Shoppers’ primary task is getting a delivery slot and there is very little impression made by the home page. Getting to the product items is much more complex online – are they going straight to favourites or using search and plugging in their list, or do they go to the offers page, or use category menu going through aisle in a methodical way? "Favourites and search is about speed and planning while offers and products is more of a browsing mindset," said Henry. And it’s the check-out walk that gains the highest level of engagement with its personalisation.

Successful online communities give you valuable insight and a very busy life

For its YourGoodSkin range, Walgreens Boots Alliance established an online community in the UK and US . Susannah Croucher, research director at MMR and Philippa Bradley, global brand manager at Walgreens Boots Alliance said that while the community was a fabulous asset, it was not easy. With a full-time moderator, the community was more than a tracking tool and for almost three years it was used for formal and informal research, covered quant and qual, and could achieve overnight responses. Boots ran 43 surveys, managed 447 discussion threads and collected 79,722 responses in total.

Bradley explained that they identified 50 of its most active users – super users – who became an extension of the brand development team and some even featured in a documentary it made and endorsed the products that they helped develop.

Their top three tips for managing a community were:

  • do not underestimate the amount of time it requires in set up and plan what you’re going to do with it
  • mix up the methods, include quick surveys, product trials, qual discussions and not everything has to be on-topic
  • feedback into the community so they can see the impact of their insight.

In the moment research can dispel internal business myths

In many categories it is the smaller players that are achieving the most impressive growth and the rise of digital has made it easier for them to reach consumers online. So for a business like PepsiCo, understanding the rise in popularity of more niche brands was vital.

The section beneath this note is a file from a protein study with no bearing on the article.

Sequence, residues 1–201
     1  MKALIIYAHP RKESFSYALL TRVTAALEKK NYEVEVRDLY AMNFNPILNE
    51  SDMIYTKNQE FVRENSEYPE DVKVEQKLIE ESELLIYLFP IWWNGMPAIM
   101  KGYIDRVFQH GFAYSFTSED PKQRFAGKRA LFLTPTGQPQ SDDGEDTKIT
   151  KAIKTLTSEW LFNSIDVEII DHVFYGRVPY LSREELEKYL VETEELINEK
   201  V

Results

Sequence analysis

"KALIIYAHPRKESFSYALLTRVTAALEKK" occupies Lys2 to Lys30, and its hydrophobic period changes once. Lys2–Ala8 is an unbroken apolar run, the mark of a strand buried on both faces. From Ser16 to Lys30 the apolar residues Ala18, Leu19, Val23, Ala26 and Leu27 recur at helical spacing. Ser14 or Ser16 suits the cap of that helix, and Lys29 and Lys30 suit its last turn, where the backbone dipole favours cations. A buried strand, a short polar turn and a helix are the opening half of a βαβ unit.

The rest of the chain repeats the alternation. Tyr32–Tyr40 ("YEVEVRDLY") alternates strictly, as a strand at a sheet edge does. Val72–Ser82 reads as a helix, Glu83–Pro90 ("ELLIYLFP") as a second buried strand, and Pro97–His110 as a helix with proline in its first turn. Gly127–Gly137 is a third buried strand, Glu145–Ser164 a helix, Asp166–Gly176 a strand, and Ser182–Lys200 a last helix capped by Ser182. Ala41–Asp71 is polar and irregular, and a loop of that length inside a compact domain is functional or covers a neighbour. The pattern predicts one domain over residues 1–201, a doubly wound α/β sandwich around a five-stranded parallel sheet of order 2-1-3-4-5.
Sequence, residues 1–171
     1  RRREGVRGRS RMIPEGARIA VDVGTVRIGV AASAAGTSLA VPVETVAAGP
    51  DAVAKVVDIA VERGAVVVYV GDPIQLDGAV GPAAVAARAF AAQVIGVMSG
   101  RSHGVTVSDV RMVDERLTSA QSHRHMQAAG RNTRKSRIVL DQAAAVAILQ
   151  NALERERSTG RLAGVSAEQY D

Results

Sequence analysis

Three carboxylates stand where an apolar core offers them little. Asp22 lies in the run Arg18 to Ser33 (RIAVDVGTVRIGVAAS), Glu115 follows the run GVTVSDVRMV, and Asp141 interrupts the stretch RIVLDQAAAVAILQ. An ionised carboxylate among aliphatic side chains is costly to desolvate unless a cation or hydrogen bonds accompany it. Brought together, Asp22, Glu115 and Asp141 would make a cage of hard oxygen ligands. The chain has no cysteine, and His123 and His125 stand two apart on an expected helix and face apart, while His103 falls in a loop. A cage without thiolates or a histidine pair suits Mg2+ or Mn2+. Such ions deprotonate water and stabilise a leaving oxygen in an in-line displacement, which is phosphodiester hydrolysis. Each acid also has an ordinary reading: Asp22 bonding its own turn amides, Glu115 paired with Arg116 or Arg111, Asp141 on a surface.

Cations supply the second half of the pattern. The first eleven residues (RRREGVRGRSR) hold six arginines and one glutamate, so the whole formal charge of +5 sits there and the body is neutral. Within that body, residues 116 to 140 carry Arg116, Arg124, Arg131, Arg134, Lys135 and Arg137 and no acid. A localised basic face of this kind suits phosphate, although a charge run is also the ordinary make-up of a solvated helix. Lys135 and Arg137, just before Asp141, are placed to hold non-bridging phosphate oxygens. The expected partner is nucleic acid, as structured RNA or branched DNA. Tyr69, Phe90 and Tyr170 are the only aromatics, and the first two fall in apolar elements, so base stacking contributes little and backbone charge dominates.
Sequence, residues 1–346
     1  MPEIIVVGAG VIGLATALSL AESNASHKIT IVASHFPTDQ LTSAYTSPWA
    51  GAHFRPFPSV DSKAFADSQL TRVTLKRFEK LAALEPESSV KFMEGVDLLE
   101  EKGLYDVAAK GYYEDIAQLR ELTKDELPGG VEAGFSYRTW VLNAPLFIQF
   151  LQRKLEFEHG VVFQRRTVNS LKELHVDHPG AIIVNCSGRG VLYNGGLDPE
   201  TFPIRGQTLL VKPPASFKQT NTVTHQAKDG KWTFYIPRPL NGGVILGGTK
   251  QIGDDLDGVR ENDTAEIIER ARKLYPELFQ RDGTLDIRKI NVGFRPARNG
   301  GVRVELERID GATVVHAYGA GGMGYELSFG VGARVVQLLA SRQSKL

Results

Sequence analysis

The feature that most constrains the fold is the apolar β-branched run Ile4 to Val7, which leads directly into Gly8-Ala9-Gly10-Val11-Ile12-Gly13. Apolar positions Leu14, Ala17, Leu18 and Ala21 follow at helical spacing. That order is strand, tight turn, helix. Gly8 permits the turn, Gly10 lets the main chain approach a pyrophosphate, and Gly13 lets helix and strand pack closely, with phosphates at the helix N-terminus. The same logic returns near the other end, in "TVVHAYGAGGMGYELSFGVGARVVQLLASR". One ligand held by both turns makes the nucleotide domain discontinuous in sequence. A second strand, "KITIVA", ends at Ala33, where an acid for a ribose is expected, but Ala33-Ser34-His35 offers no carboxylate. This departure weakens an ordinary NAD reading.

Laura Wilson, senior consumer insights manager, snacks, Western Europe, Pepsico and Sophie Wells, director, Tempo, Hall & Partners explained how they used a repeatable snacking diary app to gain in-the-moment insight into the snacking choices people were making.

Users took a photograph and detailed the occasion, motivations were identified with three or four open-ended questions and there was an emoji-style question to find out how they felt along with some outcome questions on how happy they were with their choice.

The study involved 250 people across two weeks, 2180 snacking moments and coded more than 200 brands.

Their three key outcomes were:

  • not relying on participants telling them whether they were eating a small or big brand, that was done from the photographs
  • they brought it to life with five or six sub-themes under ‘healthy’ to get to a more emotional layer
  • then it was about activating against those needs with pack design, nutritional information etc.

Wilson said: "We dispelled some internal myths. One outcome was that it was not all about authentic brand stories, there were more important factors. It was quite illuminating for the team on where our weaknesses are but also gave us some confidence in mainstream brands. Even among those buying into small brands, there was still had an inherent love for Walkers."

Wells said this type of research was "a lovely sweet spot between qual and quant – the richness of qual but data to back it up."